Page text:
Thursday, August 24, 2006

Bloody Kids

No, not those we pay about five quid an hour to do basically bugger all.

Last night we were visited by a young kid who spent an inordinate amount of time at the DVD stand (which is well covered by cameras that are currently not operational). After a very long time under surveillance he came to the check out I was covering (dodgy middle-aged knee and all that). He presented two DVDs; one rated PG and the other rated 15.

He was barely tall enough to see over the check-out, so short and rat faced I was almost in awe of his brass.

"How old are you" in my stearnest voice.

"Fourteen, I'll be fifteen tomorrow." What a total MUPPET.

Back he went with the two DVDs muttering under his breath all the way.

He stood at the display for a long time before sauntering off empty handed.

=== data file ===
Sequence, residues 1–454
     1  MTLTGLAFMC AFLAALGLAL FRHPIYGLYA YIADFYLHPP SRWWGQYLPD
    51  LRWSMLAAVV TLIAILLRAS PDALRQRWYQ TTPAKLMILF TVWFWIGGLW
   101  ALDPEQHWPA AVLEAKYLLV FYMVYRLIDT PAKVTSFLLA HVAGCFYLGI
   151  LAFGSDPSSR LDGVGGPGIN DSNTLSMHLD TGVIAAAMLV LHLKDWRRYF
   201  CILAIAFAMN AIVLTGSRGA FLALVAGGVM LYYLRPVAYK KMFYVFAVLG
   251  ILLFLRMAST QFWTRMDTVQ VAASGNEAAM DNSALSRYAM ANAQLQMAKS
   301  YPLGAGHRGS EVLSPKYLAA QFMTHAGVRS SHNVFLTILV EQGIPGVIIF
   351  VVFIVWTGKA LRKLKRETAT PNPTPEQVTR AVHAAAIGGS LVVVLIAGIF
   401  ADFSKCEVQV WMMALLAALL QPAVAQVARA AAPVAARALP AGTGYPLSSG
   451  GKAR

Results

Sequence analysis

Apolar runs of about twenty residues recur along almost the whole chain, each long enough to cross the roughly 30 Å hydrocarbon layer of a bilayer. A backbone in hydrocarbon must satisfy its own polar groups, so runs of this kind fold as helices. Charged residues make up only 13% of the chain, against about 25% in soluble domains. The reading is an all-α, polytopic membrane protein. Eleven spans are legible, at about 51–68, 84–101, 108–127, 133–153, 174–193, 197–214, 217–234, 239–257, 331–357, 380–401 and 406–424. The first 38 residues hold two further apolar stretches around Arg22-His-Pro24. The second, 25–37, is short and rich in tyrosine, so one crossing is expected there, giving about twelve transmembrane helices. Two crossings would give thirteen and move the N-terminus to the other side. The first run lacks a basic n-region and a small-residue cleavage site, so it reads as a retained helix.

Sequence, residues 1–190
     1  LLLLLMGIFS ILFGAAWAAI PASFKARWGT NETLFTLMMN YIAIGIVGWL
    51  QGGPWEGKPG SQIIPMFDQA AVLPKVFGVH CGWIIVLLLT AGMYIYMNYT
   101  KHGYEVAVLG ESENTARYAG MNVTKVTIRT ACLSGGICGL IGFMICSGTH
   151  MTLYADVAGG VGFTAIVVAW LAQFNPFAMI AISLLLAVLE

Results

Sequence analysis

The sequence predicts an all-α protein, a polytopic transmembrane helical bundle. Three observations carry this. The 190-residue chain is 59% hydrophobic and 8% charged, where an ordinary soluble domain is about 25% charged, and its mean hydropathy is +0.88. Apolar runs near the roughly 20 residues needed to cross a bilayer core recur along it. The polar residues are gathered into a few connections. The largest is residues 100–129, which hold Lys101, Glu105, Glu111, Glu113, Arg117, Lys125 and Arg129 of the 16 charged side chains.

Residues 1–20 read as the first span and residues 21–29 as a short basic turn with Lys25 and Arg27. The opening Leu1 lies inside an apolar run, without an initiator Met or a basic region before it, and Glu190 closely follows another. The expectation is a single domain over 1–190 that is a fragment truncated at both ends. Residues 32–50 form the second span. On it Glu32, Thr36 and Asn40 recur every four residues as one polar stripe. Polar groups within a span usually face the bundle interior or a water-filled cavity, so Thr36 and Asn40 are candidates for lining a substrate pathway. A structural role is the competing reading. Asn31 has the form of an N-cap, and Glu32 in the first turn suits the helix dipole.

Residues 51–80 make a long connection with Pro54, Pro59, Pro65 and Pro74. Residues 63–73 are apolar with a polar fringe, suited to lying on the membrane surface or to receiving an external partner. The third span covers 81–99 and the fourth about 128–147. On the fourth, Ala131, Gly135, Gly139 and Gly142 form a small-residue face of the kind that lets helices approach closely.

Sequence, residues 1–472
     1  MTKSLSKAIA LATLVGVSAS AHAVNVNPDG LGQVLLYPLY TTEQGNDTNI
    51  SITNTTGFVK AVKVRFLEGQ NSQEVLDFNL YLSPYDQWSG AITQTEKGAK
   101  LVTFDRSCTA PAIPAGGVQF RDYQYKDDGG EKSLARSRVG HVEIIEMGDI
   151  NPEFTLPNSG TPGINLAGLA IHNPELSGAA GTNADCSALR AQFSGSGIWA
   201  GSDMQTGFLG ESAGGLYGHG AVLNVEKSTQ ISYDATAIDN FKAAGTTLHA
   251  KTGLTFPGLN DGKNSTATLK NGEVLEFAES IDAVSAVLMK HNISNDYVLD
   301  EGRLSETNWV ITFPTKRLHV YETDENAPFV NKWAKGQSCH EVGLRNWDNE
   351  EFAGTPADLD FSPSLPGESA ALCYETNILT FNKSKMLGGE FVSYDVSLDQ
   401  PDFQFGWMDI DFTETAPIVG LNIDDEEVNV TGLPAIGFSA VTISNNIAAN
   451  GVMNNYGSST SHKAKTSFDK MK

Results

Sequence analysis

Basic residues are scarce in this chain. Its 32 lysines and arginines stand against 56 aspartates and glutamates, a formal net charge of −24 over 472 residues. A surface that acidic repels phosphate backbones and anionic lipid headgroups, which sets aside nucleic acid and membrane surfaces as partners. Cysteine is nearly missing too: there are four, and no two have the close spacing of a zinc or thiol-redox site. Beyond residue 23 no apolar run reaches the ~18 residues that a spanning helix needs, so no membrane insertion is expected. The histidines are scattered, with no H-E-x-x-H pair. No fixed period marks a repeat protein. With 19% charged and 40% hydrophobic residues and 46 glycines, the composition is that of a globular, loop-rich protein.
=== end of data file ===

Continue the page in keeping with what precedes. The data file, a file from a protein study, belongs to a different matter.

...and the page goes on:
I little while later an almost identical kid came in and made for the DVD display. I called out a colleague who recognised him immediately as the scion of a particularly disreputable local family, though whether the younger or older son she couldn't say - they're all short and rat-faced it seems.

The pair of us kept this kid under surveillance. Every now and then I could hear her murmer "Yes, I'm still watching you." The kid kept looking over his shoulder to find out if anyone was watching him.

Eventually he came to the check out with two 12 rated DVDs. We sold them to him afer he insisted that he was 12 going on 13. Having paid for the DVDs he turned about and went down the aisle with the sweets and chocolates only to reappear a little while later clutching various suger and E-number loaded crap. I made him put the bag up on the checkout but he was prepared for that and it only contained the two DVDs I'd already sold him. I supposed he had what ever he'd nicked hidden about his person.